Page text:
Racial Justice Icon, the Rev. Pauli Murray, Takes Center Stage
Submitted by Dent Neilson, member of the Commission on Racial Justice and Reconciliation – Visual & Performing Arts Subcommittee.
July 1 is set aside in "Holy Women, Holy Men" as the feast day for the Rev. Pauli Murray, a racial justice icon. She was an Episcopal priest, lawyer, and Civil Rights warrior who is now the subject of a soon-to-be released documentary.
If the name Pauli Murray is as unknown to you as it was to me, please take a few moments to learn more about this extraordinary and groundbreaking advocate for racial and gender equality.
Anne Pauline “Pauli” Murray was born in Baltimore, Maryland, in 1910. Her mother died when Pauli was four and her father was murdered in a state mental hospital when she was 13.
Despite those obstacles, Murray graduated with honors from Hunter College (NYC) in 1933. When she was denied admission to attend law school at the all-white University of North Carolina, she became an activist for civil rights. In March of 1940, a full 15 years before Rosa Parks’ famous act of civil disobedience, she was arrested and imprisoned for refusing to sit at the back of a bus in Richmond, Virginia. In 1941, she began classes at Howard University School of Law with the intent of becoming a civil rights attorney and developed a life-long friendship and correspondence with Eleanor Roosevelt. Murray later became the first African- American woman to receive a Doctor of Judicial Science degree from Yale Law School and eventually, the first African American, female Episcopal priest. Murray lived a life dedicated to justice and her writings about Civil Rights legislation were referred to by both Justice Ruth Bader Ginsburg and Justice Thurgood Marshall. President John Kennedy appointed her to the Commission on the Status of Women, and she was a founding member of the National Organization of Women.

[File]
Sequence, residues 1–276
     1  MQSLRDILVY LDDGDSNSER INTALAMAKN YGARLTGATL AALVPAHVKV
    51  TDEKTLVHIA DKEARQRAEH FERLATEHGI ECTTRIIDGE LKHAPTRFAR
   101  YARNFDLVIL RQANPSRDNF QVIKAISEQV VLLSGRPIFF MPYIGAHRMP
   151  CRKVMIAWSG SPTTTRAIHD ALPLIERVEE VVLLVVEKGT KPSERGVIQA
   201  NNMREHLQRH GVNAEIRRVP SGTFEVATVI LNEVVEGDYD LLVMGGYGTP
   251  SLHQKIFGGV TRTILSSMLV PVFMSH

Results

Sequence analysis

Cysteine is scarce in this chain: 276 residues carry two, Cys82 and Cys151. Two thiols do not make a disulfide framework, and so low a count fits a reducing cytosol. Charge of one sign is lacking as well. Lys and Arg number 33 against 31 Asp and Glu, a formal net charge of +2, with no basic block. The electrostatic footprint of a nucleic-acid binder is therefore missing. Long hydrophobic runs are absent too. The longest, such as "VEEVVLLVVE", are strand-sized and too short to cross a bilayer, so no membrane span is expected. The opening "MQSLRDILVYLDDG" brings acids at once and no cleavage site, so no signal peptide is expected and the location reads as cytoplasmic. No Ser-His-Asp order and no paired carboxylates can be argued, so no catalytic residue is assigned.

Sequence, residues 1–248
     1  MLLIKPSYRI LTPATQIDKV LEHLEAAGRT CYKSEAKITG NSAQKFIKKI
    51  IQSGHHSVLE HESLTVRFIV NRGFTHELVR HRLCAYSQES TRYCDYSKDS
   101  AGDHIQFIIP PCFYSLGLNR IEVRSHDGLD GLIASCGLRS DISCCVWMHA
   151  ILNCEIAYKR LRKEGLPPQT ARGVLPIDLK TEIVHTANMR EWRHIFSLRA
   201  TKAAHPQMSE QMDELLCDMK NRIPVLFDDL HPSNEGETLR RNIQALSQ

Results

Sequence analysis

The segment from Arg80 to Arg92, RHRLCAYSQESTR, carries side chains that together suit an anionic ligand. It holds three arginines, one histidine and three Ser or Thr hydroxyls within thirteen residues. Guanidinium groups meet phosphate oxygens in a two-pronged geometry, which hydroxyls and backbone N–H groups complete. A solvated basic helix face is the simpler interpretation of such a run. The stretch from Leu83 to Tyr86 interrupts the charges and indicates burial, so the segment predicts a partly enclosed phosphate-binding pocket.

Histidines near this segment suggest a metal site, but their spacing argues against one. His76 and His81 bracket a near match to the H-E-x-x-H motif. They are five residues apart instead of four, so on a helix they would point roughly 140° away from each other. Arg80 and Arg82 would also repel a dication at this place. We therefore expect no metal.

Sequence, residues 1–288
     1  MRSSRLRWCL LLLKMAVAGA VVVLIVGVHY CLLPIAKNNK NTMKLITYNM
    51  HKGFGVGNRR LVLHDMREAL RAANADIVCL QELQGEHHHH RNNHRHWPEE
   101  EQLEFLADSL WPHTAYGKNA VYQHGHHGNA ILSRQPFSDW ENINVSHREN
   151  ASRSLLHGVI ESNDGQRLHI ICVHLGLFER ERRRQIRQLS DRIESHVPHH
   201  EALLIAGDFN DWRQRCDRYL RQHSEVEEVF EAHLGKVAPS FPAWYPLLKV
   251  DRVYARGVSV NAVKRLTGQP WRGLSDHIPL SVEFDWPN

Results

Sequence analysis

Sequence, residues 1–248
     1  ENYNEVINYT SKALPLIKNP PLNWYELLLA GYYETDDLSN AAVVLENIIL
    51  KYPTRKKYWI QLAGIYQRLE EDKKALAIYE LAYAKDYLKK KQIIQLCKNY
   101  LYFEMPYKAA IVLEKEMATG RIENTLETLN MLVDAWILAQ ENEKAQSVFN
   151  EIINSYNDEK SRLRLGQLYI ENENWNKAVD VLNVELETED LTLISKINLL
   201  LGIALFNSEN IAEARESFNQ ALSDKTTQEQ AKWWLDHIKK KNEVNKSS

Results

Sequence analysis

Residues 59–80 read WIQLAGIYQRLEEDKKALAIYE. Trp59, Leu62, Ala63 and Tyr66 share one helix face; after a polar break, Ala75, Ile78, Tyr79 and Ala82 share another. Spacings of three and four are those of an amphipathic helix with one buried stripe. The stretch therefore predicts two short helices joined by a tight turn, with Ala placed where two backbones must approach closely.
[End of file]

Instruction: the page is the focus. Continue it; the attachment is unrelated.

As an African American, nonbinary, poet, lawyer, feminist, priest, lesbian, author, and scholar, Pauli Murray faced discrimination on multiple fronts, yet always advocated for the rights of women, people of color, and the LGBTQ community in her ongoing battle for equality.
The documentary is entitled “My Name is Pauli Murray” and features interviews with Justice Ruth Ginsburg and Presiding Bishop Michael Curry. It will be released on Amazon Prime streaming in October 2021. Produced and directed by Oscar nominated directors Betsy West and Julie Cohen, “My Name is Pauli Murray” premiered in February at the Sundance Film Festival to rave reviews. In the interim, you can find many short documentaries about Pauli Murray on YouTube if you would like to become familiar with her. I am thankful that I did.
“O Lord, When our eyes do not see the gravity of racial justice, shake us from our slumber and open our eyes. O Lord, when out of fear we are frozen into inaction, give us the spirit of bravery. O Lord, when we try our best, but say the wrong things, give us a spirit of humility. Amen” by the Rev. Dr. Martin Luther King, Jr.